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Nigerian Leader Fires Military Chiefs to Fight Extremists

FILE - Nigerian president Muhammadu Buhari gives an interview to Agence France-presse at his hotel during the 25th African Summit, June 14, 2015 in Johannesburg.

President Muhammadu Buhari has fired all Nigeria's military chiefs as a multinational army prepares for a fresh onslaught against the West African nation's Islamic extremists.

It was an expected development since Buhari, a former military dictator who was elected in March, has severely criticized the Nigerian military's failure to defeat the Islamic extremists operating mainly in the northeast.

The sacked officers had been appointed in January 2014 when former President Goodluck Jonathan replaced the top military echelon because of failures against Boko Haram.

Jonathan had been accused of being partisan in naming Christians to all but one of the positions in the armed forces traditionally dominated by Muslims. Nigeria is divided almost equally between Muslims who predominate in the north and Christians in the south.

Buhari's announcement on Monday was more even-handed.

Both the new army chief of staff, Maj. Gen. Tukur Yusuf Buratai, and the national security adviser, Maj. Gen. Babagana Monguno, are from northeastern Borno state which is the birthplace of Boko Haram.

Defense chief Maj. Gen. Abayomi Gabriel Olonisakin and navy chief Rear Admiral Ibok-Ete Ekwe Ibas are from the south. The chief of defense intelligence, Air Vice Marshal Morgan Monday Riku, is from the Middle Belt and the chief of air staff, Air Vice Marshal Sadique Abubakar, is from northeastern Bauchi state.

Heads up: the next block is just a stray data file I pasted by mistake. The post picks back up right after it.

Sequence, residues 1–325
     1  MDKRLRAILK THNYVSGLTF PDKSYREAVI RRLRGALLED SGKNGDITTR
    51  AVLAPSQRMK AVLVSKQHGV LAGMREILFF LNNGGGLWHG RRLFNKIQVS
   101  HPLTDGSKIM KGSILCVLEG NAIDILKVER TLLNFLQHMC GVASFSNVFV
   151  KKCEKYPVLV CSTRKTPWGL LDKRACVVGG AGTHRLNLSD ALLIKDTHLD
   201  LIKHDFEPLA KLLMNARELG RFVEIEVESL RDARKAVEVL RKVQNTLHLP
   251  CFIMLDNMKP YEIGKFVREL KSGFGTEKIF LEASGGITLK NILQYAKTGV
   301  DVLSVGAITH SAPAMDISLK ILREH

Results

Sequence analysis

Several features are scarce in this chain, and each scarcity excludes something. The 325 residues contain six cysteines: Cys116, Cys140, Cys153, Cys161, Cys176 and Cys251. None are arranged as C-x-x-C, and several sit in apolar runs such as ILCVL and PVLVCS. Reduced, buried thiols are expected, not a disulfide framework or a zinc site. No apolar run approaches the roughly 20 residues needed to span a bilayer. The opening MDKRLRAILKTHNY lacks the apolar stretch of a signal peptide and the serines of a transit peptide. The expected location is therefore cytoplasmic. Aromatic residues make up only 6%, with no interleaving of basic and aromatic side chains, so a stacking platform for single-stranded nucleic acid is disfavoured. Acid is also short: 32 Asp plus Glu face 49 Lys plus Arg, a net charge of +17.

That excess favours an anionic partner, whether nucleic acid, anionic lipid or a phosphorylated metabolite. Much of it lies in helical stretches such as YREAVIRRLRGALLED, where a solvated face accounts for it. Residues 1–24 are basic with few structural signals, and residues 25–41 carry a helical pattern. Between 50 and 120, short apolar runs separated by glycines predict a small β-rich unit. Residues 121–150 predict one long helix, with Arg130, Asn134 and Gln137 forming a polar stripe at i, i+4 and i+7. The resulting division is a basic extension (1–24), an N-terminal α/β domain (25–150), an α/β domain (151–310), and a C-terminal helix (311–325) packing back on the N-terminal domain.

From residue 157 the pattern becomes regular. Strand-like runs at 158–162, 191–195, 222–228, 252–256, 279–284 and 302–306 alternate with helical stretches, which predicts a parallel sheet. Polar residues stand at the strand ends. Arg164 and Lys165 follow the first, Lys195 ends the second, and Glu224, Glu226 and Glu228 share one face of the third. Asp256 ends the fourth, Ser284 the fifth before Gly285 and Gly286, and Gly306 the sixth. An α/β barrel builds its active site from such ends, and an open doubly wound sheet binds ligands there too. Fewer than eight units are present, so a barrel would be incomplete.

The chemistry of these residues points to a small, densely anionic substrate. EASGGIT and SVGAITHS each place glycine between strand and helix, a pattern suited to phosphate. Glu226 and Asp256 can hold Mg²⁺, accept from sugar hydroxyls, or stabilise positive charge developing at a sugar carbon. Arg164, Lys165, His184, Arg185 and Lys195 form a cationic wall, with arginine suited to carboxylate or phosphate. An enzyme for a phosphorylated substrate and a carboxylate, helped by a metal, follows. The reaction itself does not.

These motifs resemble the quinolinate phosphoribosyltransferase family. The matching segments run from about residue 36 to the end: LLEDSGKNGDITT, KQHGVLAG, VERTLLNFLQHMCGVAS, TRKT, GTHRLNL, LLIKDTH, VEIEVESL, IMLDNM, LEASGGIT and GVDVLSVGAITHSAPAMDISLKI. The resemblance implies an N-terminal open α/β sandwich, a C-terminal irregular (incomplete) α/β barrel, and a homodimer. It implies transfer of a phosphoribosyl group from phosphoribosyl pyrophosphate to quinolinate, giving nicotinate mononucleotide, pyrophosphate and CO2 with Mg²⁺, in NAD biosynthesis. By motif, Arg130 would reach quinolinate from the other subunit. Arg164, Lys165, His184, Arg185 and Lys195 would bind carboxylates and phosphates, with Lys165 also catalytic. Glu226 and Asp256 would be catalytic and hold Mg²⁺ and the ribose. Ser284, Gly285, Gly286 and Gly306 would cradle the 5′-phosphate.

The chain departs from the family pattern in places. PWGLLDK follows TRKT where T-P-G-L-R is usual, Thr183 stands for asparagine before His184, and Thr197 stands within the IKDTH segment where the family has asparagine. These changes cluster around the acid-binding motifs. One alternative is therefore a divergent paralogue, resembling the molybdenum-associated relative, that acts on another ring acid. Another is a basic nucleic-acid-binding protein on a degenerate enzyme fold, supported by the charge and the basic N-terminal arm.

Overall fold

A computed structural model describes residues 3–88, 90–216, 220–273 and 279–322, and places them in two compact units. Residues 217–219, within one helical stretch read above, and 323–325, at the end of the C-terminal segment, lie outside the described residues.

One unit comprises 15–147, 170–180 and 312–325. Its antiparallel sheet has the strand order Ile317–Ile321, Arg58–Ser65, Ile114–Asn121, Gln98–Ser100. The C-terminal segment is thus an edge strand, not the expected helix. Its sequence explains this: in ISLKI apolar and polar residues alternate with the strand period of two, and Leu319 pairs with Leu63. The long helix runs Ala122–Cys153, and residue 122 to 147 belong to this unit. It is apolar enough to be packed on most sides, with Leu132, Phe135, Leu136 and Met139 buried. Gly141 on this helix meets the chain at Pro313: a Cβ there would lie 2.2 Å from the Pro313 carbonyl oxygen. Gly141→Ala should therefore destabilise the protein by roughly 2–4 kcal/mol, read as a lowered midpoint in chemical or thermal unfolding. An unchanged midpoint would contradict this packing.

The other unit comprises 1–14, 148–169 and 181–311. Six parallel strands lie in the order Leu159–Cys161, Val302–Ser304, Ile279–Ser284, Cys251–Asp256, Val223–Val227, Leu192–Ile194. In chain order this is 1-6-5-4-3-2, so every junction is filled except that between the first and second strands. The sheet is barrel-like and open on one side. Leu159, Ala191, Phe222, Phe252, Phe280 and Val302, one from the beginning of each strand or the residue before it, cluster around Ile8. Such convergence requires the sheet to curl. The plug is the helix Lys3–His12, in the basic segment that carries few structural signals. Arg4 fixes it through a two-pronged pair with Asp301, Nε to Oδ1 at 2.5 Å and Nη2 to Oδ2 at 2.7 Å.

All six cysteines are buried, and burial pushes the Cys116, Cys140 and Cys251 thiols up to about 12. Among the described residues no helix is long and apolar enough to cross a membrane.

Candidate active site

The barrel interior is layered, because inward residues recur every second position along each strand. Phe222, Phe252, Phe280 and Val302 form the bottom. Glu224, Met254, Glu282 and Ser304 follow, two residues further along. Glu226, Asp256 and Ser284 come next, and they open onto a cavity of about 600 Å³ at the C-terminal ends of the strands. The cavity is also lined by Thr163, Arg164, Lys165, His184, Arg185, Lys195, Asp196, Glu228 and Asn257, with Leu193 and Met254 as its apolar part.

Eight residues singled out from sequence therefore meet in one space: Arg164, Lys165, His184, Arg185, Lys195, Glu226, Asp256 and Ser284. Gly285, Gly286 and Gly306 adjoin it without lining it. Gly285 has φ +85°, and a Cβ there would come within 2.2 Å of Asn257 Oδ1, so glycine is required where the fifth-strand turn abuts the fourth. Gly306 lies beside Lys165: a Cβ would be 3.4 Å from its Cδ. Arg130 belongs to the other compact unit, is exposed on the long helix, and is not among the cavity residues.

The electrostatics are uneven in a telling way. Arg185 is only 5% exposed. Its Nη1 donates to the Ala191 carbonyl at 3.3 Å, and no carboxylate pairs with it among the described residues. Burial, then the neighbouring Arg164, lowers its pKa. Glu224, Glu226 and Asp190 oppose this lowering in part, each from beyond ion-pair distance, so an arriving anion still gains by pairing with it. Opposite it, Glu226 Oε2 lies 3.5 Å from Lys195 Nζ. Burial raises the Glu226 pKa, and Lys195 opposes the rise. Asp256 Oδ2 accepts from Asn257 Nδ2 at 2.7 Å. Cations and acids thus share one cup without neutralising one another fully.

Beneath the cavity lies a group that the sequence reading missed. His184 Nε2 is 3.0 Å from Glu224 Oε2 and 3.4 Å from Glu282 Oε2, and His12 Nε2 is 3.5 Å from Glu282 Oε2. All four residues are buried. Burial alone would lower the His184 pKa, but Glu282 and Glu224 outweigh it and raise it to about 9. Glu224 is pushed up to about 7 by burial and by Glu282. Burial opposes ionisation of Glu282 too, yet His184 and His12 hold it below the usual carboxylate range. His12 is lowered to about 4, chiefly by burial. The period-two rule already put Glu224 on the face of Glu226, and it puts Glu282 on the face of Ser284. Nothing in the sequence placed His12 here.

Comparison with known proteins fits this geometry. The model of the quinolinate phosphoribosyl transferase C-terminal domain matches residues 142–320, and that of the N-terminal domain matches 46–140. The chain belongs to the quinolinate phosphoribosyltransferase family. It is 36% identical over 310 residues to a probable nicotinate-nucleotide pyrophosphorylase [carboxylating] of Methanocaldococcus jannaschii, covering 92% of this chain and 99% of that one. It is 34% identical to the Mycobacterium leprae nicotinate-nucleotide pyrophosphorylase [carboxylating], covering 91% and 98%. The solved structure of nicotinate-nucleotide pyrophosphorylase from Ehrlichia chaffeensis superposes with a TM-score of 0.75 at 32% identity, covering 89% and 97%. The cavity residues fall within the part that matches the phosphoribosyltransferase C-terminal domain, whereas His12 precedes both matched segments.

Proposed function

Boko Haram had seized a large swath of northeast Nigeria and declared an Islamic caliphate. A multinational army earlier this year drove the insurgents out of towns and villages but suicide bombings and village attacks have increased, killing more than 250 people in the past two weeks.

The sackings come two weeks before Buhari is to meet with President Barack Obama at the White House in Washington D.C. to discuss more U.S. help in the battle to curb the Islamic uprising that has driven 1.5 million people from their homes and killed more than 13,000 people in six years.

Amnesty International puts the death toll at more than 20,000 to include the deaths of some 8,000 detainees who allegedly died in military custody.

Buhari has promised to investigate Amnesty's allegations. Hundreds of soldiers are being court-martialed for alleged cowardice and desertion. Atrocities committed by the Nigerian military have hampered U.S. help because of laws that prevent the United States from providing certain arms to the governments of armed forces accused of gross human rights abuses.

Buhari inherited a firestorm of problems including a near-empty treasury blamed on corruption and halved prices for the petroleum that provides about 80 percent of government revenue.

Last week, he announced he was halving his salary, putting lawmakers on the spot as their salaries come up for review. But salaries form only a small part of the remuneration as lucrative allowances make Nigerians among the highest paid legislators in the world at nearly $200,000 a year.